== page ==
Movement releases endorphins, the happy-chemical that promotes well-being. Today, there are more fitness activities to generate positive energy than you can do in a lifetime. But you won’t do anything unless you enjoy it, so find something you like then do it 2-3 times a week. It could be a brisk walk around the park, a yoga class, or rock climbing. Just do it.
If you are having a hard time sleeping next to your sexually-addicted spouse, move into another room (or ask them to move). Nothing in scripture says you have to sleep in the same bed as an unrepentant adulterer or porn viewer (Matthew 5:27-28). If sleep still eludes you, practice deep breathing techniques and/or listen to lyric-free nature music.
Here’s a video to learn deep breathing techniques.
8. Recycle your pain.
One of the most satisfying parts of recovery is realizing that all your pain and struggle can help someone else. Paul said that God comforts us so we in turn can comfort others (2 Corinthians 1:3-5)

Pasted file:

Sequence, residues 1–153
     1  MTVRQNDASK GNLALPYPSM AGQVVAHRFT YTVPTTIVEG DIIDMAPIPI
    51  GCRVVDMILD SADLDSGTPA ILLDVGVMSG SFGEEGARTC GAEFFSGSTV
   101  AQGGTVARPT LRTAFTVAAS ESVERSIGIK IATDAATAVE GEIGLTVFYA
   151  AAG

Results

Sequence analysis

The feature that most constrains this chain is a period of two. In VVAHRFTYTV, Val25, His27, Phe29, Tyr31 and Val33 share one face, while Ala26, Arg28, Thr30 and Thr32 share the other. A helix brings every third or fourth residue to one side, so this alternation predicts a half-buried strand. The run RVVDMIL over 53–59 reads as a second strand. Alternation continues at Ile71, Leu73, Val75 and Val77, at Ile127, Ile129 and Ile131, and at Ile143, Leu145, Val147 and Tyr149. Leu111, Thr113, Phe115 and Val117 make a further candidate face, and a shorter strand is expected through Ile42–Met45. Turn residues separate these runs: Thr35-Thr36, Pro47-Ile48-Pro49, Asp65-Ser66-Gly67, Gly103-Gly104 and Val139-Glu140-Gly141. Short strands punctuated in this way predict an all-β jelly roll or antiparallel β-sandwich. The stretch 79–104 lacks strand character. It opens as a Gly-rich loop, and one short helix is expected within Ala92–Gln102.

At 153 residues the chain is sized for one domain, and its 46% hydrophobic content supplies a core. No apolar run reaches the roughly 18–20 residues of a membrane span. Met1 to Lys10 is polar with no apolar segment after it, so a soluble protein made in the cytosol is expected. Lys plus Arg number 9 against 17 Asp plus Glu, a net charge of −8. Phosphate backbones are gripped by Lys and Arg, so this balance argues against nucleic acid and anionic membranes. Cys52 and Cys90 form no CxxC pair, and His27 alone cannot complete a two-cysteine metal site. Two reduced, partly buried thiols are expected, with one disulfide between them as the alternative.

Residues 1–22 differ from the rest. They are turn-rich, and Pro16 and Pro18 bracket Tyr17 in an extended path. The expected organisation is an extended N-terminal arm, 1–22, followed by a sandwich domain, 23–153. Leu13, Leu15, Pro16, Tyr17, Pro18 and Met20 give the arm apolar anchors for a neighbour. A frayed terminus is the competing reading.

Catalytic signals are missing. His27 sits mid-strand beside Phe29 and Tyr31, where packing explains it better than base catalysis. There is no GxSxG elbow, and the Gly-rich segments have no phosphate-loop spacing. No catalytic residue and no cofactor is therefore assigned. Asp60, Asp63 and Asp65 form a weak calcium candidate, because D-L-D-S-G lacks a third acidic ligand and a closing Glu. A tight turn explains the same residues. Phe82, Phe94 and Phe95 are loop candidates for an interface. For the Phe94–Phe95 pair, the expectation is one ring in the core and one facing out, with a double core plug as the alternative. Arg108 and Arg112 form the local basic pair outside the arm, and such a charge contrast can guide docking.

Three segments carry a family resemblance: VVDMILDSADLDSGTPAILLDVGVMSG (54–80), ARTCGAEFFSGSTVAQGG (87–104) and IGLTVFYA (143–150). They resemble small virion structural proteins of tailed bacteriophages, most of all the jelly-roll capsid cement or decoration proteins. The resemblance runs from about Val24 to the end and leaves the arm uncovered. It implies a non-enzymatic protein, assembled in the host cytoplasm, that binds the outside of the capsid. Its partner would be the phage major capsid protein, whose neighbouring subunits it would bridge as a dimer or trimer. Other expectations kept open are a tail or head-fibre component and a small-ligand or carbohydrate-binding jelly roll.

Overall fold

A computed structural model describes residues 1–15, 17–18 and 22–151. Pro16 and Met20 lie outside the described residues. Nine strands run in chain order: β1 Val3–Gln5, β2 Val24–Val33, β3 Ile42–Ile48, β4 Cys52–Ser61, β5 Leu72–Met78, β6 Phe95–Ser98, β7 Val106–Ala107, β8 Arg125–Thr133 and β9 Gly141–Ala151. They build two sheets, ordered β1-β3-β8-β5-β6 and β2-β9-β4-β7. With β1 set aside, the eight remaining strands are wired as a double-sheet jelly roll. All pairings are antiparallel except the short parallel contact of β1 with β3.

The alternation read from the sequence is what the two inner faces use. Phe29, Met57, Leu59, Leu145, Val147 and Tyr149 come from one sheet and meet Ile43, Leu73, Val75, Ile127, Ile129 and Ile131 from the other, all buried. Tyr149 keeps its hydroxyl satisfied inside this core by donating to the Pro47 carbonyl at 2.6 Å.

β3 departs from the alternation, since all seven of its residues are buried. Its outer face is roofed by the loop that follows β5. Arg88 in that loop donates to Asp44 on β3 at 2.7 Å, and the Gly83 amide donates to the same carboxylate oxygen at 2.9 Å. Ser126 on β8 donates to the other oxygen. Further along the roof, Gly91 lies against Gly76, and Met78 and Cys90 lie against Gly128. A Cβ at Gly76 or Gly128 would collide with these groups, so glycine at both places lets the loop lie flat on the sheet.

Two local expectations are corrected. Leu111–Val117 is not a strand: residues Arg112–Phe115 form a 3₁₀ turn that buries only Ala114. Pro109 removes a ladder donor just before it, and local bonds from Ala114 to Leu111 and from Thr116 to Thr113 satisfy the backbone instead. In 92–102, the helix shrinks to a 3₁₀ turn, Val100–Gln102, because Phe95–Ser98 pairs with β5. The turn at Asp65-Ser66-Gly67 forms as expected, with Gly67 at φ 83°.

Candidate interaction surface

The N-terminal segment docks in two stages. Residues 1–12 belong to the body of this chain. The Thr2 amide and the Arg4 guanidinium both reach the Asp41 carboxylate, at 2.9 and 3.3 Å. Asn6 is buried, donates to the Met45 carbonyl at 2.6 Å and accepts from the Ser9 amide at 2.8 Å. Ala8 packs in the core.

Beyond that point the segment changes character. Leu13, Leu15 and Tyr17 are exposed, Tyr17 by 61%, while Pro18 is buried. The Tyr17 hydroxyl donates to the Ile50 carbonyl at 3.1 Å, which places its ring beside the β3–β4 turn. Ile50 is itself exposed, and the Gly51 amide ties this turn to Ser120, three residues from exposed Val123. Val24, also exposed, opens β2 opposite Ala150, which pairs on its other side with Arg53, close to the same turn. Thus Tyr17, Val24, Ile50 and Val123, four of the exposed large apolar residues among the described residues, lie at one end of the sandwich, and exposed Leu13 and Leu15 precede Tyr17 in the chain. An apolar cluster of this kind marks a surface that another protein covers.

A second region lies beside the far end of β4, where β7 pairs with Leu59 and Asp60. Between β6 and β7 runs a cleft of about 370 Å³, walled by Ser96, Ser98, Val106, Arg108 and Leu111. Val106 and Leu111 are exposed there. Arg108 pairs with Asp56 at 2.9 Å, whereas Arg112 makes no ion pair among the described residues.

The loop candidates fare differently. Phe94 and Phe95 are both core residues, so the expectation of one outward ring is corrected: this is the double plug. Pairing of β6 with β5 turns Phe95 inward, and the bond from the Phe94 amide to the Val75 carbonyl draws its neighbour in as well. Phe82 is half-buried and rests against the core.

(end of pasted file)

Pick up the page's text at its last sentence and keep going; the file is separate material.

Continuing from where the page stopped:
When you quit trying to catch your partner in sin and convince them they’re wrong, you’ll recognize the same dangerous pattern in others and gently encourage them to stop. When you accept your powerlessness and share your victory with others, you empower them to change.
When you share about your intimate relationship with God, the self-care practices you’re implementing, your own challenges in finding safe friends, and the struggles you’ve wrestled with setting your mind on things above, you help other spouses to know they aren’t alone on their journey.
The Most Loving Thing
You may think that setting boundaries and letting your spouse reap the consequences of their sin is uncaring and selfish. In truth, it’s the most loving thing you can do for them.
Remember whose hands they are in. God loves your spouse even more than you do. He wants them to repent and come into the light (John 3:19-21).
When your spouse refuses to own or repent of sin, they put their salvation in jeopardy (1 John1:8, 10; Hebrews 10:26). Tough love sets boundaries and expectations. God did it in the Garden and with the Israelites. Jesus set out his expectations in his Sermon on the Mount, and Paul and the other New Testament writers reiterated them in the epistles.
God is a gentleman. He won’t force us to do anything. He will patiently wait until we step out of the way and let Him do what He does better than anyone—lead us to Him.
What methods have you used to get out of God’s way so He can work?
Help someone else on their journey by sharing your thoughts on this post in the comment section below.
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Also published on Medium.